A French legislative election took place on 25 May and 1 June 1997 to elect the 11th National Assembly of the Fifth Republic. It was the consequence of President Jacques Chirac's decision to call the legislative election one year before the deadline.
In March 1993, the right won a large victory in the legislative election and a comfortable parliamentary majority. Two years later, the RPR leader Jacques Chirac was elected President of France promising to reduce the "social fracture". However, the programme of welfare reforms ("Plan Juppé") proposed by his Prime Minister Alain Juppé caused a social crisis in November and December 1995. The popularity of the executive duo decreased.
In spring 1997, President Chirac tried to take the left-wing opposition by surprise by dissolving the National Assembly. The first opinion polls indicated a re-election of the right-wing majority. The "Plural Left" coalition, composed of the Socialists, the Communists, the Greens, the Citizens' Movement and the Left Radicals, proposed a program of social reforms to reduce unemployment, limiting the length of the work week to 35 hours. Prime Minister Juppé's unpopularity may have made the left's win easier.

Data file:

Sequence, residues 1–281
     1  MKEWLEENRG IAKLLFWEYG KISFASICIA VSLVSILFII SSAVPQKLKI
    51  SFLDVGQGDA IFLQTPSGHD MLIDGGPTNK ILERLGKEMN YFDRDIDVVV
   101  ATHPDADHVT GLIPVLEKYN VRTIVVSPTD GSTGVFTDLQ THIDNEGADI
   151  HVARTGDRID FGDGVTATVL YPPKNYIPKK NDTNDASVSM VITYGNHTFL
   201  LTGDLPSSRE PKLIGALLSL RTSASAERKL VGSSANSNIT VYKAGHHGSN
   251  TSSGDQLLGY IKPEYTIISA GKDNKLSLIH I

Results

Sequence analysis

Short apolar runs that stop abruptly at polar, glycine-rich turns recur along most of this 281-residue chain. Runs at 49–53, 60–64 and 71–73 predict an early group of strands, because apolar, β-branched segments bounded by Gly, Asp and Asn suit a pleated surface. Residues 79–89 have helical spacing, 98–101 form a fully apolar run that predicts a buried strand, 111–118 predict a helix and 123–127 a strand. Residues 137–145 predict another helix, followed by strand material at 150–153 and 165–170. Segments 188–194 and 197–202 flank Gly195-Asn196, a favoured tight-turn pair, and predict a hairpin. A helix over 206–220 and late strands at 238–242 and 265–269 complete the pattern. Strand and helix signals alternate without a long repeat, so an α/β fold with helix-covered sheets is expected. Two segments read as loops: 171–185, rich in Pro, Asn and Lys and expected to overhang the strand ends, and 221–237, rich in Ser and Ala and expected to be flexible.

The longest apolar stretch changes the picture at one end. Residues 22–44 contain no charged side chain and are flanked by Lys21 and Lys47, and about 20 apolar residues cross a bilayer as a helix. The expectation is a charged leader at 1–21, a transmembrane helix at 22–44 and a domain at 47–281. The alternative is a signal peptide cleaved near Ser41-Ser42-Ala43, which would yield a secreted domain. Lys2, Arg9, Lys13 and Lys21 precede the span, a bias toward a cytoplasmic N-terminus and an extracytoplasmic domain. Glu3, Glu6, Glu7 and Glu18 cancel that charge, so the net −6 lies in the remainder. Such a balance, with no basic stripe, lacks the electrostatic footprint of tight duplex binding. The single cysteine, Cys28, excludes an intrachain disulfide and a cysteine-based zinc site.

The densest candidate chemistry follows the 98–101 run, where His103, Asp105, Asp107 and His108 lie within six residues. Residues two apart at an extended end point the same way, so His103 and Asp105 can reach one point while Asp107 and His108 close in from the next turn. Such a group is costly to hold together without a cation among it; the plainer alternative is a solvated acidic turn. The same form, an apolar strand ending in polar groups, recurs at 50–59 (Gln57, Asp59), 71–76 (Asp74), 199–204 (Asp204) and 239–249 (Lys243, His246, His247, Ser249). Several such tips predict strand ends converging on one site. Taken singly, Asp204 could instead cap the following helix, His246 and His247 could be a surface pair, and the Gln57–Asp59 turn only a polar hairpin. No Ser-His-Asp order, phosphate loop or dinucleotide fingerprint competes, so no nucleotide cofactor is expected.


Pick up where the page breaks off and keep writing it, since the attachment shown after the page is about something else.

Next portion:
In the first round, the left-wing coalition obtained more votes than the incumbent parliamentary majority. After he was blamed for the situation, Juppé announced he would resign even if the right kept their majority in the runoff vote. For all that, the "Plural left" obtained the majority of the seats. However the Socialist Party needed its allies to form a majority. For the first time, the ecologists were represented in the Parliament. The participation of the National Front's candidates in the second round increased the defeat of the "Presidential majority".